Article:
Here's the original location of Steven Brophy's article "Looking at the movies":
He evoked this memory while answering a question about how much pressure he felt playing the central character in a complex story. "Sometimes, speaking of Hamlet (I used to drive people nuts by saying it was the easiest part in the play), when your in the center, its the other people who have the hard parts. Because they have to leave and come back, and they have to bring on a lot with them. but you just bounce off everybody else, you're just reacting a lot of the time, so it becomes easy. It's harder with this one [The Spanish Prisoner], because obviously you have to do a lot with a little. I'm sort of the innocent guy in the middle, though not completely innocent..." Scott's voice trails off as he declines to give away too many plot details.
Asked about the different, more contained acting style he used in his latest role, Scott responds, "Mamet is a writer and director who demands a certain kind of levelness, because he is a writer first, and he wants the script to shine through, and the more intricate the plot is, the more he wants actors and their idiosyncrasies to stay out of the way. It's challenging, so you try to get on board and go along with it."
It's the characters and what they say that keeps things going," Scott continues. "And really, in a Mamet movie nobody really says anything right out. Most movies are full of drama and saying all their feelings, but in Mamet nobody ever does that. But he still manages to make the wants and desires of all the characters very deep and very rich, and that makes you follow them."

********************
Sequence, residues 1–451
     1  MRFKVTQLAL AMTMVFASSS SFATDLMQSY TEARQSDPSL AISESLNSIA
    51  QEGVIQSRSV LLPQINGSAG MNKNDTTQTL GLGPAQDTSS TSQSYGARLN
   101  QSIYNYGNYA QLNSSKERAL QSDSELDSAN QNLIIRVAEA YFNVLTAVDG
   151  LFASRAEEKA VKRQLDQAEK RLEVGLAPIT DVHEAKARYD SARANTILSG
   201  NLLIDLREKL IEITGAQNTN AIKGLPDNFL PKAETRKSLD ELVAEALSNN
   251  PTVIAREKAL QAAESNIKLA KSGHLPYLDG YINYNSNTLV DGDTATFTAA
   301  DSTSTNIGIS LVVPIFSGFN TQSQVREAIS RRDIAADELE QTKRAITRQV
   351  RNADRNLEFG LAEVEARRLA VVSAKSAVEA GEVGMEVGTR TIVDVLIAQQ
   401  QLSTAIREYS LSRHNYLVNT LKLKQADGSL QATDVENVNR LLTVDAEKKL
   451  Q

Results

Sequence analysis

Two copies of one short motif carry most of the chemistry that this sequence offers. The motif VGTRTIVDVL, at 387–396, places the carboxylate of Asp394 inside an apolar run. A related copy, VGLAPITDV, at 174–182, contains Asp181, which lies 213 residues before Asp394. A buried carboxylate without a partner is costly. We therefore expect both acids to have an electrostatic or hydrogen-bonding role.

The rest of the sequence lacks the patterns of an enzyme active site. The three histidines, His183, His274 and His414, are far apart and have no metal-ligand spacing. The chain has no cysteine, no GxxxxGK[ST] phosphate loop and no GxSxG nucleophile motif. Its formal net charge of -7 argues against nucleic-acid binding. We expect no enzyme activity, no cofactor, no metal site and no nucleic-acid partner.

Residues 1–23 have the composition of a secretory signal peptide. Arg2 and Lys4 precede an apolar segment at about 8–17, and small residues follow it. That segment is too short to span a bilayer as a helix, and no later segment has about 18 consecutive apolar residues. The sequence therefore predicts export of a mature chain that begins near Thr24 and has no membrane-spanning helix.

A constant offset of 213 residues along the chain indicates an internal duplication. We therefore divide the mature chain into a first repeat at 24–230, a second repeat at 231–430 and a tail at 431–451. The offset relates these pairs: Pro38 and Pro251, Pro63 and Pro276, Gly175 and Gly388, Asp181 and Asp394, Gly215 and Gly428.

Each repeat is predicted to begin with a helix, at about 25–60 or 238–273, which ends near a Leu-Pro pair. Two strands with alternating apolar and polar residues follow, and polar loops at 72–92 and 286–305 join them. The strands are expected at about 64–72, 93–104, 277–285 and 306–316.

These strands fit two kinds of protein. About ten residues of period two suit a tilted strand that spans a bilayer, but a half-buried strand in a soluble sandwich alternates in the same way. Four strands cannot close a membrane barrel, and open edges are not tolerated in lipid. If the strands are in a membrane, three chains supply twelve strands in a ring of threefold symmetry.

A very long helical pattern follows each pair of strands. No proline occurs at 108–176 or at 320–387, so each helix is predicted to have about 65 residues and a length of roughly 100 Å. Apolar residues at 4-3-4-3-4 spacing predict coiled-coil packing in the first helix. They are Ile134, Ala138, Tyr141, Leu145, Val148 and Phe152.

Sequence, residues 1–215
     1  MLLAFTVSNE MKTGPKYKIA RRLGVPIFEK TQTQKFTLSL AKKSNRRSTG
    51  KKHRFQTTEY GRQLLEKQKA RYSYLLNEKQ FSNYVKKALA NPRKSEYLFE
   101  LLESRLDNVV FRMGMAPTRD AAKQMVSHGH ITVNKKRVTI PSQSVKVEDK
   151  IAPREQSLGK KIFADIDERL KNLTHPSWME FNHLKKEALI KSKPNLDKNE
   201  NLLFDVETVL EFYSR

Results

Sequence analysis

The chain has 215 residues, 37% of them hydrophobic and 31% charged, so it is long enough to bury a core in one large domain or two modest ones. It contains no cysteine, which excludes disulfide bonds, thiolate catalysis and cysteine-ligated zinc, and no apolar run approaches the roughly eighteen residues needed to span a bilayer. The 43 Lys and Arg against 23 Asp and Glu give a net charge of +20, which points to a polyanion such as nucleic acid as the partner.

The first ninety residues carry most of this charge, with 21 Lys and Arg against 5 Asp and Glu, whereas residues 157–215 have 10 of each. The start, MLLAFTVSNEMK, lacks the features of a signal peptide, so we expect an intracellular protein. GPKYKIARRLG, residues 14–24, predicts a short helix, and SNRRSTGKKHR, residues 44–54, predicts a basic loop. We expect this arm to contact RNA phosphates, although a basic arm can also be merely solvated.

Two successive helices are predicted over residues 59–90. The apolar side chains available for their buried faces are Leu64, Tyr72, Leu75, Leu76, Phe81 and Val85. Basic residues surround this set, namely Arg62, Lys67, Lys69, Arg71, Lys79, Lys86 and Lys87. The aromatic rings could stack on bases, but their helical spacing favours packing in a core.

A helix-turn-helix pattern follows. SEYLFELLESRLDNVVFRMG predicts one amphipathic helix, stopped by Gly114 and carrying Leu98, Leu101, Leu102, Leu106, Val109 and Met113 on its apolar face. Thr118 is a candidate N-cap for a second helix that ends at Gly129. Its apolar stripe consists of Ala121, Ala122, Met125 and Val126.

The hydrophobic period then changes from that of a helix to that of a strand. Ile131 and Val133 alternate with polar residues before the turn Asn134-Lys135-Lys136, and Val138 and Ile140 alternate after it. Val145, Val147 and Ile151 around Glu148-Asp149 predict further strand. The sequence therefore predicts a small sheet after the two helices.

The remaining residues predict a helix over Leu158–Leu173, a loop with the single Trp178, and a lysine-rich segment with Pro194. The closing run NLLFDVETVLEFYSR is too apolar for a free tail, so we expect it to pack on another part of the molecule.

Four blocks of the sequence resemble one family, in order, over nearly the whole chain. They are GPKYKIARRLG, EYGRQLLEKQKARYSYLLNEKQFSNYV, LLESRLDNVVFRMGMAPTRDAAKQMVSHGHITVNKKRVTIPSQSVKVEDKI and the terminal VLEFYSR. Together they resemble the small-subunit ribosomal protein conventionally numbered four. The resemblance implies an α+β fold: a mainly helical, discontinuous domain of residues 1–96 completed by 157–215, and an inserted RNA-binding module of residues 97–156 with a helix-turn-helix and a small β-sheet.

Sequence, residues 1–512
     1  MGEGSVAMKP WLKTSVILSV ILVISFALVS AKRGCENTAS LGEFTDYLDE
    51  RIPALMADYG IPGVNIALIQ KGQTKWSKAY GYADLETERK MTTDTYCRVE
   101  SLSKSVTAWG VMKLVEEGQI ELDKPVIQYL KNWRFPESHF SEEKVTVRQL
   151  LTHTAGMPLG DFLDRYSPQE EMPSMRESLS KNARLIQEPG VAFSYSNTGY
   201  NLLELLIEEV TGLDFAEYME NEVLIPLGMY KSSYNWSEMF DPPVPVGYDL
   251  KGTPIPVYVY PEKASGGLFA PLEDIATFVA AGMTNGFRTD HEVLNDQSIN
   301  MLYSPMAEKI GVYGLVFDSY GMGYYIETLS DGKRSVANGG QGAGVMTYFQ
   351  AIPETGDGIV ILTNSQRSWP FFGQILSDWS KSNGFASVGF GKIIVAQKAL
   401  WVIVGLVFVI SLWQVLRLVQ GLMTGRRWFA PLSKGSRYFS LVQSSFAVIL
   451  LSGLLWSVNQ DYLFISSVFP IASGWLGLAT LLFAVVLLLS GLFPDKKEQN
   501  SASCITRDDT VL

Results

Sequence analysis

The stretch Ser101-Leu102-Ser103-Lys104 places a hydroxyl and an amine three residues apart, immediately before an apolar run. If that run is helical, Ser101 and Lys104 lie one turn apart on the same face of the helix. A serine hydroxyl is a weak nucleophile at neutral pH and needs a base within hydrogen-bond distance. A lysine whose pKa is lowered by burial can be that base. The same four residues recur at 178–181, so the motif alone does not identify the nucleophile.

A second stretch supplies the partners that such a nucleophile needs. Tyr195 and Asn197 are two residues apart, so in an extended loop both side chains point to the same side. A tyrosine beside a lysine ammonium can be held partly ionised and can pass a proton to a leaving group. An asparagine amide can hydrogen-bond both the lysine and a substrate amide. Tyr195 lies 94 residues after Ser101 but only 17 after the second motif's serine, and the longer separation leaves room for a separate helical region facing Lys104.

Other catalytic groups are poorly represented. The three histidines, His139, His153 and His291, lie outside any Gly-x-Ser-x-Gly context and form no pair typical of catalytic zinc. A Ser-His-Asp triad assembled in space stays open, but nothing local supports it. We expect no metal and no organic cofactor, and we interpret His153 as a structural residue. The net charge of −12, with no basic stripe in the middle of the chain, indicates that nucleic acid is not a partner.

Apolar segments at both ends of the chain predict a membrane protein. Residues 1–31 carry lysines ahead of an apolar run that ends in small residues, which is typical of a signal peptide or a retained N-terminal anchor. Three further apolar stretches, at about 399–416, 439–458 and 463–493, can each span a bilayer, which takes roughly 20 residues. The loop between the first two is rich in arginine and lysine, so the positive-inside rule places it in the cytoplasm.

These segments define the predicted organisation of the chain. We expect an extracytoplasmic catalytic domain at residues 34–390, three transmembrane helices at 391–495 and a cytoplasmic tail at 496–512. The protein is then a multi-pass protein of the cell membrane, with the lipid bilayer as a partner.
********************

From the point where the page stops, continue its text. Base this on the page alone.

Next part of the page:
Commenting further on Mamet's writing style, Scott points out that "David loves to collect aphorisms and proverbs and fit them into his story, but he's also a musician, which you can tell by the way he writes - his lines almost have a meter to them. Some people find that kind of distancing, but in something like this that's actually kind of good, because you don't really know how to take everybody, who's really vulnerable and who's not, including my character I hope.
The film is build upon a maze of illusions, and has more than one trickster acting in it. "David is an old friend of Rickie Jay's, who's in the movie, and who makes a living as an illusionist," Scott explains. "And Steve [Martin] is a very accomplished amateur magician. This is a crowd who really loves to pull the rug out from under people. We all like to do that in this business, but they like to acknowledge it and try to get really complicated with it. Rickie doesn't like the word magician, he prefers to be called an illusionist, and he's so steeped in the history of it - he's a fascinating guy. And of course if you ask him to do a trick he'll never do it, because he hates to call them tricks."
Scott has had an extensive career on stage, screen, and television, and one of the things he is most proud of is his work with his friend Stanley Tucci on "Big Night." Tucci co-wrote the screenplay for that popular film with another friend, Joe Pantoliano, and asked Scott to co-direct. Meanwhile Tucci was already working on another screenplay and also invited Scott to share that with him.
"At one point during the shooting of "Big Night" Stanley asked me if I wanted to direct 'Ship of Fools' with him, but when I read it I said 'no, it's too funny - you're the guy who should direct this one.' There's a huge ensemble of actors in it, but it's very different from 'Big Night' because it is just complete insanity, it's like a Marx Brothers movie, with everyone being as crazy as they can. He and Oliver Platt are they two stars, and they're like Laurel and Hardy, two idiots in the middle of all this madness." "Ship of Fools" is scheduled to hit movie theaters in the fall.
His work on "Big Night" has given Scott a new perspective on his craft.
"The ideal career for me would be directing films and acting in the theater.
Now that I've directed, when I'm acting I try not to give the director
a hard time, because I know directors are usually sleep deprived and just
trying to get through the day. It also makes you recognize a good director
from a bad one much more quickly. You can tell right away, 'I need to protect
myself' or 'I can let myself go here.'"